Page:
Bicycle Theft

In 2010, 1,052 bicycles were reported stolen in Calgary.  In 2011, that number rose 13% to 1,191, and in 2012 another 17% to 1,398. Not all thefts are reported: it is estimated that in the U.S. as many as 80% of bike thefts go unreported. The Calgary Police Department recovered 137 bicycles in 2012 as lost or stolen.

Don't trust that your bicycle isn't worth enough to be attractive to a thief. Many stolen bicycles are just taken for joyrides, traded for cash or drugs, gutted for parts, or used by thieves themselves.  Even a bicycle worth ony $100 can fit the bill if it's easy enough to steal.

Has Your Bicycle Been Stolen?

If your bicycle has been stolen, do the following:

  • File a police report. If your bicycle has been stolen, the best chance of recovering it is by reporting the theft to the police.
    • If there are suspects or investigative follow-up is required (e.g., if the area where you locked your bike is covered by video surveillance or if there are witnesses), report your stolen bike by calling the Calgary Police Department non-emergency line (403-266-1234) or visit a district office
    • Otherwise, and if your bike was worth less than $5,000, you can report the theft online.  You can also report theft of parts and vandalism using the online system.
  • File a stolen bike report on our site. (You have to be registered & logged in to do that, but it's free and usually quick).
    • We'll tweet your bike report and the Good Life Bike Shop will post it.  Other bike shops may follow suit.
    • You can see all stolen bike reports here and there's an RSS feed of stolen bike reports here.
  • Your bicycle may show up on classifieds listings, so it may be worthwhile to check craigslist or kijiji.  If you find it offered for sale, do not attempt to recover it yourself: call the police instead.
  • In rare cases people have recovered bikes after posting flyers with pictures around the neighborhood. Check out the Good Life's tips, too.

Information useful for reporting and recovering your bicycle which you should keep in a safe place, and have on hand when reporting a bike theft:

  • Serial number of your bicycle (usually stamped on the underside of the bottom bracket, and recorded on your sales receipt if the bike was purchased new in a reputable bike shop),
  • Proof of ownership (sales receipt or repair receipts), and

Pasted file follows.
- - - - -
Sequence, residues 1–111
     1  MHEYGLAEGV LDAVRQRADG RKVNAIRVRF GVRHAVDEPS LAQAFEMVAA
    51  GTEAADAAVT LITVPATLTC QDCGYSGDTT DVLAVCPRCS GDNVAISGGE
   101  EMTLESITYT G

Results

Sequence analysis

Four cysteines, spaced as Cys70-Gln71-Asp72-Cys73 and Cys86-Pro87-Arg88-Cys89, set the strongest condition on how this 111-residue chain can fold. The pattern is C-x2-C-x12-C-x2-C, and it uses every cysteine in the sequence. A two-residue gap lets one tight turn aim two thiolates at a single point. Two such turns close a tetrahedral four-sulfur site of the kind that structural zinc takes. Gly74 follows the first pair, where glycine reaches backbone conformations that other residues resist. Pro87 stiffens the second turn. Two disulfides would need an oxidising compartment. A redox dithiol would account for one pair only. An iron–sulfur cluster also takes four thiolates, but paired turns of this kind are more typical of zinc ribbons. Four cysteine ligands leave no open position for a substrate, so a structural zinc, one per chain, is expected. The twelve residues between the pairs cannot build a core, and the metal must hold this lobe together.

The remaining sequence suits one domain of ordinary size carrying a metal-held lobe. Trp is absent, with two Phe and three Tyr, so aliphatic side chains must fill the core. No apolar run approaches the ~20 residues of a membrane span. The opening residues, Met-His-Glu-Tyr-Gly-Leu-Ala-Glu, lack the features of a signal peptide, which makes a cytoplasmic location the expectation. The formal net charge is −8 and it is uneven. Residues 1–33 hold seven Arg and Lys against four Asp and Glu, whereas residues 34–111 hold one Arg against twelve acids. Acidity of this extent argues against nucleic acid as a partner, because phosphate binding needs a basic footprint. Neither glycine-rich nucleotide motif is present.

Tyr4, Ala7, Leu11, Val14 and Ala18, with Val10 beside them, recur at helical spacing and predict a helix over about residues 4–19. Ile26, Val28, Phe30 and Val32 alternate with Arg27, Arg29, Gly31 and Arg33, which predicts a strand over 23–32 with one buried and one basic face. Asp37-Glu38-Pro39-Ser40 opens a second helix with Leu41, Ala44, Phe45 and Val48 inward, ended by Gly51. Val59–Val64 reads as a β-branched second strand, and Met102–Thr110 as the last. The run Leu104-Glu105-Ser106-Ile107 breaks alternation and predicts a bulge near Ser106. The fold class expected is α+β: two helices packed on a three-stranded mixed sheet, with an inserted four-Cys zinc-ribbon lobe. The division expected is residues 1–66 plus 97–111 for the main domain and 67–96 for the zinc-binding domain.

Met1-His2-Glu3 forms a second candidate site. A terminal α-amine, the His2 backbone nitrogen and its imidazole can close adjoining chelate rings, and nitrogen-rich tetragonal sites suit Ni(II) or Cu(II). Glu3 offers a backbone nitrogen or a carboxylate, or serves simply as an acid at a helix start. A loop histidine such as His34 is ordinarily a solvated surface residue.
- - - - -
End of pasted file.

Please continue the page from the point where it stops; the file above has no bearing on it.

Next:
• Description of bicycle and parts (preferably a photo) -- make, model, colour, any installed accessories or distinguishing marks.

You may also consider registering your bike. Although Calgary Police does not check recovered bicycles against as a matter of course, they may do so in the future, or your bike may end up in another jurisdiction where police do use that site. Calgary Police do use the Stolen Vehicle and Bicycle database of the Canadian Police Information Centre, though, both to record bikes reported stolen and to locate owners of recovered bicycles.

You should also contact your home owner's or tenant's insurance and inquire about an endorsement for your bicycle(s), if their replacement cost is high enough.

How to Lock a Bike

Fight bike theft by making it more difficult to steal bicycles. If you're going to leave your bike unattended for any period of time, even for just a minute, it should be locked. And if you don't want it stolen, it should be locked properly.

  • Use a secure lock, such as a high-quality U-type lock or a heavy duty chain made from hardened steel. Abus, Kryptonite, and OnGuard are popular and respected brands, and some even offer insurance should your lock be broken.
  • Do not use cables locks (even those sold as bicycle locks), plain steel chains, and household padlocks found in hardware stores as the only means of securing your bicycle. They can be cut very easily with readily available tools such as wire or bolt cutters and in a matter of seconds. Here's a video of how everything but a high quality U-lock can be cut in seconds using a $14 bolt cutter.
  • Always lock the frame to a stationary object, preferably a bike rack. Don't lock your bike to wooden objects, street signs that aren't securely bolted to the ground, movable objects, or handrails (that's rude).
  • Make sure that your locked bicycle can't be easily slipped over or under whatever you're locking it to.
  • Keep your bike locked to something even when it's in your garage or backyard! Bicycle theft from garages is very common.
  • A thief may try to steal components such as the saddle, wheels, or handlebars, even if they can't get your entire bike. Use an additional  cable to secure your wheels (and saddle).
  • If you can't find a decent place to lock up your bicycle, talk to building management or contact the city to request a bike rack.

Your trusted local bike dealer can help you select the hardware and show you how to use it. You'll also find lots of info on the internet, e.g., from the SF Bicycle Coalition.

The U.S. Department of Justice's Community Oriented Policing Service (COPS) has issued a long and informative report on all aspects of bicycle theft. It is available here.

Comments? Questions? Post in the Stolen Bike forum.